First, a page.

Jean's story is part of the biggest oral history ever undertaken anywhere. The Century Speaks contains the life stories of 6,000 people recorded on 12,000 hours of tape by an army of BBC producers. It begins next week on the BBC's 40 regional radio stations, with each one broadcasting 16 half-hours of the stories by people from their area. In all 640 half- hour programmes will be broadcast, but this is just a fraction of the material collected. The complete recordings, the stories of 6,000 people, aged from five to 107, are to be donated to the national sound archive at the British Library.
The BBC has spent pounds 1.3m collecting the 6,000 stories with the money coming out of a special millennium budget. In each radio station a producer and a researcher selected 200 people to interview by advertising in local papers, libraries and by appealing on air. Most stations talked to 500 people before they selected those best able to tell their own tales. Techniques for drawing out life stories were a long way from normal journalism: producers were advised by Rob Perks of the national sound archive on the best way to get people talking. "In the end a news interview is designed to focus down on what someone is saying about a specific event," says Arnold Miller, executive producer of the series. "When choosing producers I was looking for people who could listen and open the subjects up.
"It needed more patience than you would believe," says Jan Rogers, the producer who conducted interviews for BBC Derby. "You had to know how to let talk go on so that you could get an emotional flow, while also getting a flow of information. They didn't have to have had fantastic things happen to them, they just needed to be introspective enough to tell their own stories," she says. "Although you do find that most people have lots of drama in their lives, you often had to stare at your shoes, while people who'd got emotional recomposed themselves." But the sessions were also often very funny. "It wasn't just people talking about deaths, there was much reflection on what they'd done with their lives. One man said he liked a particular politician as `he was a failure' and it seemed clear he was talking about his own life too."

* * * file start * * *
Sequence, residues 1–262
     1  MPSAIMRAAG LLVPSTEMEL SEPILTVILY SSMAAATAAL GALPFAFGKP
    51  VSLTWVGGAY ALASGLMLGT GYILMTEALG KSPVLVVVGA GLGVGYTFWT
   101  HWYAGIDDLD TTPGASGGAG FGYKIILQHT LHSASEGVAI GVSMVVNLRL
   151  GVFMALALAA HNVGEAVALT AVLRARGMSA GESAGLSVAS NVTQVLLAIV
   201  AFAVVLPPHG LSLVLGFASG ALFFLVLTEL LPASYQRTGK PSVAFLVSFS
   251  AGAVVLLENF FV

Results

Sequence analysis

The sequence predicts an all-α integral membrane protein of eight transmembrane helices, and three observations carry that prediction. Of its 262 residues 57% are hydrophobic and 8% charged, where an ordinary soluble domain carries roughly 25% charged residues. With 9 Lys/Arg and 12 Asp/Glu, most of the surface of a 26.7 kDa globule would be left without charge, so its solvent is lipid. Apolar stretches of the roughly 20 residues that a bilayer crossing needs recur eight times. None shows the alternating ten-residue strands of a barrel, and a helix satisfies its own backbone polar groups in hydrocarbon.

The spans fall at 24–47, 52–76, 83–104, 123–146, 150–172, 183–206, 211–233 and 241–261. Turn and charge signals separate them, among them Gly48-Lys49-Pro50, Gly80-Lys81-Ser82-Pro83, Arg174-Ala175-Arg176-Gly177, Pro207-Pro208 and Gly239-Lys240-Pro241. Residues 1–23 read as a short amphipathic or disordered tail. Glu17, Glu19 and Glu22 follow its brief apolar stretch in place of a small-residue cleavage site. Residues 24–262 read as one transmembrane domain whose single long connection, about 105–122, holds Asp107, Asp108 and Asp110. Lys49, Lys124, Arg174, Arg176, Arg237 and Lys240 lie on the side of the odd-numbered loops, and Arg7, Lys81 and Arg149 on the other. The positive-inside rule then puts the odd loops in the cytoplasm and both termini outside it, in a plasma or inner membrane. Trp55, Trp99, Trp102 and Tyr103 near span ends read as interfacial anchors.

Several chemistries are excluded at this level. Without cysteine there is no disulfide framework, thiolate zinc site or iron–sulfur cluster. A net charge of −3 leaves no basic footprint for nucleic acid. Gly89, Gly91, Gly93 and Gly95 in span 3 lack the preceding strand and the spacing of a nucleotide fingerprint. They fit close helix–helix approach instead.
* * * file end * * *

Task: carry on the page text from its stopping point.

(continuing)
One producer asked to be taken off the project as he was finding it too emotionally draining. Despite the British reputation for being reserved, most interviewers found people to be happily candid, some even shared things they'd never told close family. One man told Ms Rogers quite cheerily about his 30 years in prison for murdering his brother, and the days he used to run with the Kray twins. That lifer features in a programme themed around the impact of law and order. Other themes include growing old, eating and drinking, war, beliefs and fears, and families.
Every interview has been logged on mini-disc with a description of the subject and a precis of the story of their life. So as well as the British Library, the BBC too has a phenomenal archive of material to call on for the future. "If we want to do a programme on, say, the history of midwifery, we now have interviews with over 50 midwives.
"The 600 programmes we will air are just the tip of the iceberg and we could go through the material with different criteria and come up with completely different series. Many producers have already told me they have lots of programme ideas thanks to the material they've unearthed."
Oral history by its very nature puts ordinary people at the centre of our history. It removes the leaders and the celebrities, and instead gives voice to those who have so often been spoken for by others. The Century Speaks is broadcasting at its most democratic, even as broadcasting becomes an increasingly democratic medium. Popular histories, from The People's Century to What Granny did in the War, have learnt a lot from the traditions of oral history. Other areas of broadcasting, from Home Truths to the soap documentaries, have also come to understand that real stories from real people make the best broadcasting.Reuse content